Some decision-makers will take sides and help shape the outcome. Some will want you to win, while others will favor your competitor. And you need to know which way people are leaning so you can direct them in your favor.
Try to find where their allegiance lies and decide what you can do to bring the key decision influencers to your side.
Most decision-makers will fall into one of the following five categories:
- Mentors. They believe in you, your brand, your company, your reputation and your product. They want you to win and they’ll share information and open doors for you. Their reasons for mentoring you are usually transparent to everyone in their company. They simply believe your solution is the better choice.
- Supporters. They may prefer your solution to other options, but they have less of a vested interest in pushing an outcome than the mentors do. The advantage of having supporters prefer your solution is that many voices can influence what the collective does. The disadvantage is that they lead you to believe you have more people in your corner whom you can count on when the chips are down. But if the tide of popular opinion should shift, supporters may swing their vote.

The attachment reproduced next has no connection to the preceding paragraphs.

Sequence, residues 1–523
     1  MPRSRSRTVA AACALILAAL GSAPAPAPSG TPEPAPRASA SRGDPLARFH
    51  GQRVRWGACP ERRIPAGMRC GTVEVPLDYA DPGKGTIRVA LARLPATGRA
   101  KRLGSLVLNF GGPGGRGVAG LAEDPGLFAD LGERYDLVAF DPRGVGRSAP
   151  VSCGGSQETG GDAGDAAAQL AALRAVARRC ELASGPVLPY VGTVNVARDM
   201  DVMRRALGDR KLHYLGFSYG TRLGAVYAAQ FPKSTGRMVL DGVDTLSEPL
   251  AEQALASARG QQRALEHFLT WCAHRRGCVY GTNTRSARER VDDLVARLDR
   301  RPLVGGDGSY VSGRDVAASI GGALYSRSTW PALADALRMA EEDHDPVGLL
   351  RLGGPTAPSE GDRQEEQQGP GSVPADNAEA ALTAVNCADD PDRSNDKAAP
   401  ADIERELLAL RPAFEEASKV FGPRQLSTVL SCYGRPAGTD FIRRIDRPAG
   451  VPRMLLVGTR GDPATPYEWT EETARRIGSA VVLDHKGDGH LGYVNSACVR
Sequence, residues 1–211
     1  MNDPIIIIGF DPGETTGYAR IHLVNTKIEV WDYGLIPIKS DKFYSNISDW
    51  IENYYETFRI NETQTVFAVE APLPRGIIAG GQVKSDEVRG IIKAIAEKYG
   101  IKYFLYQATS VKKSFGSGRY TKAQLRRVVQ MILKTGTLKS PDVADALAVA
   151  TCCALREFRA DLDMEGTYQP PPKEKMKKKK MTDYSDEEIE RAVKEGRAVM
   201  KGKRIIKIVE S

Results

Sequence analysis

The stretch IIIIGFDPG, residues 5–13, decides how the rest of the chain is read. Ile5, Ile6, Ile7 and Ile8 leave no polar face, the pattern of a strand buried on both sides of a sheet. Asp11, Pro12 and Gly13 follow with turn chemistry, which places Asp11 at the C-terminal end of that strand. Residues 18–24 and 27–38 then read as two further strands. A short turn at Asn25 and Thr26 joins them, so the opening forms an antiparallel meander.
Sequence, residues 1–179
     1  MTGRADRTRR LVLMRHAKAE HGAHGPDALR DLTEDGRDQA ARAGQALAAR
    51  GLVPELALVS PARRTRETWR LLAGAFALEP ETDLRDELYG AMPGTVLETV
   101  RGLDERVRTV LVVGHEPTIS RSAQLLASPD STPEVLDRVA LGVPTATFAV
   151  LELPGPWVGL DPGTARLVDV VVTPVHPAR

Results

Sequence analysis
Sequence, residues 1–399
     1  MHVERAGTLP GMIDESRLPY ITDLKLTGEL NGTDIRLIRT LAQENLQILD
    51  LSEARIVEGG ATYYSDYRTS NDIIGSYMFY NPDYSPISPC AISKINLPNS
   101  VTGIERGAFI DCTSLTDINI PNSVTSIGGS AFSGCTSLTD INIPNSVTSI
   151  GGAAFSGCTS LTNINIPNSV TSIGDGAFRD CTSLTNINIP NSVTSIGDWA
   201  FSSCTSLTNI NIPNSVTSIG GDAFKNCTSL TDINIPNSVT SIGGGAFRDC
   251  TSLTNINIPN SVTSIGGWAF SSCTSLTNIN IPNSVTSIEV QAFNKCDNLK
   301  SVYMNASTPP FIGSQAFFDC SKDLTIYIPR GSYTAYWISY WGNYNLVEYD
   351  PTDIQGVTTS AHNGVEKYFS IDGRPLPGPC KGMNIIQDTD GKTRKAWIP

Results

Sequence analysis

- Resistors. They aren’t so much against you and your solution as much as they are against any change being made to the status quo. Resistors identify with the old ways and have no role models for the new activity. The best way to handle resistors is to help them understand the new rewards that come with a new work process.
- Neutrals. They haven’t made up their minds if they support you or not, or they don’t really care what solution is selected. They may be content to follow the decisions made by others or they may feel that all suppliers are the same. If there’s a risk, they won’t remain neutral. You have to weigh how helpful they will be as supporters or how damaging they could be working against you.
- Enemies. They are against you and your solutions. Beyond the resistors who don’t want to see anyone’s new solution put in place, the enemies have decided you should lose the deal. Sometimes they act as your competitors’ mentors and work behind the scenes to give them an advantage. Once you identify them, you have to make a conscious effort to treat them with care.
Source: “Target Opportunity Selling,” by Nicholas Read, the founder and managing partner of the revenue growth consulting firm SalesLabs.